While visiting The Parthenon and its companion, The Acropolis Museum, we saw many of the marble sculptures that once adorned the inside of the temple to Athena.
But famously many of the sculptures that were in the best condition were taken from Greece by the Earl of Elgin and transported back to England. The sculptures eventually made their way in the British Museum collection and are on display in London.
The Acropolis Museum did not allow photographs to be taken of the exhibits so this was the first chance that I had to take some snaps of theses great works.
Not surprisingly the pieces that were taken from Athens were the most complete and in the best condition of the sculptures that were remaining.
You might be able to notice by the tiny numbering under the pieces there is a gap in the pieces between #53 and #67. Those pieces can be found at the Acropolis Museum as well as in France [more on that in a minute.]
The Greek government has for years attempted to get all the taken pieces returned home to Ahtens and I can't help but feel the same way after seeing them in London.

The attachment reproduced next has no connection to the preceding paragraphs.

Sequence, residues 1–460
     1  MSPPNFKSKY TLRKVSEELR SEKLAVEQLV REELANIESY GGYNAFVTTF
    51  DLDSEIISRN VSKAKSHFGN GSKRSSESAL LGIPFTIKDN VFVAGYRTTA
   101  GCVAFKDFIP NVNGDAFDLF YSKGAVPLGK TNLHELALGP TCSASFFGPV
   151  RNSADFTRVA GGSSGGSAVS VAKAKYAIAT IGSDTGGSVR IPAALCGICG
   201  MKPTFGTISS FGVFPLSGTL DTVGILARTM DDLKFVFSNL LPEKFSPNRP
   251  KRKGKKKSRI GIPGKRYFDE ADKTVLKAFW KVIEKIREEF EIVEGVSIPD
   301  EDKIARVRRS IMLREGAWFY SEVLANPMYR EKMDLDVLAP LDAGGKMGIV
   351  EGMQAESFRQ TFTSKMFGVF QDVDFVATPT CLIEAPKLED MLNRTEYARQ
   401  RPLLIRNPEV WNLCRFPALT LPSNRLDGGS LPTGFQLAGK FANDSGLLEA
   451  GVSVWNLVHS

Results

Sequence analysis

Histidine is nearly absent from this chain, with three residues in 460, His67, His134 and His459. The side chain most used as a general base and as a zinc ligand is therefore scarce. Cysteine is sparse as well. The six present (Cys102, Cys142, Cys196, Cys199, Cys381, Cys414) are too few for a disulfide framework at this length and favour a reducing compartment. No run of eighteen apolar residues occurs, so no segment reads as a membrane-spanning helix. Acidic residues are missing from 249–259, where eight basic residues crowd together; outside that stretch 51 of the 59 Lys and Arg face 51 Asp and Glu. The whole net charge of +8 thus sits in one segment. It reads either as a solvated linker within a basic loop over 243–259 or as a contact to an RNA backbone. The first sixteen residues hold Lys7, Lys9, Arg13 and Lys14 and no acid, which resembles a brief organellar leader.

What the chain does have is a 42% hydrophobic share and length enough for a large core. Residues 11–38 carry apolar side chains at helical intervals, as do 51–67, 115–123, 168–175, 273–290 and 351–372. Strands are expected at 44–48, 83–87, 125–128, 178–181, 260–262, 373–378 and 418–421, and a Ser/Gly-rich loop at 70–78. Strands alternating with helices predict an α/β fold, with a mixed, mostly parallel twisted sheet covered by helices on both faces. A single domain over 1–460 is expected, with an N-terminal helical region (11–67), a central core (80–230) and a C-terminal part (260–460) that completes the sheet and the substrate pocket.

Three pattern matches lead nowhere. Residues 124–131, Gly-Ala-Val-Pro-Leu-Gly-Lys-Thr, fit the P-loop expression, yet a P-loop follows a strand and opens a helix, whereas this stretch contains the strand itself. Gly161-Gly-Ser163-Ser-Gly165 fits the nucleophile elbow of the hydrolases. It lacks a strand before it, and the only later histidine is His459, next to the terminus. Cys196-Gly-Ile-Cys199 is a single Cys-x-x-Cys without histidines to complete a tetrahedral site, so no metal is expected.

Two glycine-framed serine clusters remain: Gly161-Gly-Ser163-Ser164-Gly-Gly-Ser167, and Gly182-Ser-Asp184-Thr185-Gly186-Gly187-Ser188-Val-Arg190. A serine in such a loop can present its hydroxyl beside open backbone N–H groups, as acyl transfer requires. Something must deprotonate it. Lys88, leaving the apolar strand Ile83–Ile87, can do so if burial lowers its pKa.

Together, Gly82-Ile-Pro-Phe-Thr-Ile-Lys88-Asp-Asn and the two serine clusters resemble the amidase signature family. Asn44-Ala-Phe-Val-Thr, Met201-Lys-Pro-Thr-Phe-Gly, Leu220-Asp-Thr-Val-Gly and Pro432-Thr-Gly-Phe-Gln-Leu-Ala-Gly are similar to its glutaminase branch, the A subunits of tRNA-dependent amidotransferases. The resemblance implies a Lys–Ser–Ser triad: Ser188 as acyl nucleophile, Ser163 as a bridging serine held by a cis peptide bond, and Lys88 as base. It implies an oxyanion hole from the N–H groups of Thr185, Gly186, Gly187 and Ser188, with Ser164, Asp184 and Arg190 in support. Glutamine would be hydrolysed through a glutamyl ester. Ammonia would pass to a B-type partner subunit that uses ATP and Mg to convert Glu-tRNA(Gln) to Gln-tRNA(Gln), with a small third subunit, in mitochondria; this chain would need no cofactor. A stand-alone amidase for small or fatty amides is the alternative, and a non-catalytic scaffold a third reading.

I'll have a more complete post on our visit to the the British Museum at a later date but it's clear that the very existence of the collection is based on an abusive mercantile system that plundered many of their "conquered lands."
To complete our Parthenon sculptures odyssey our next step was France. While visiting The Louvre we tracked down the single Parthenon marble that is on display there.
The museum has posted an information sheet next to the sculpture explaining that their claim on the piece occurred after the British pieces were taken from Greece. They also argue that their claim on the piece is more legitimate than the British Museum's claim. Who really knows for sure? My opinion is that they should all be returned to Greece.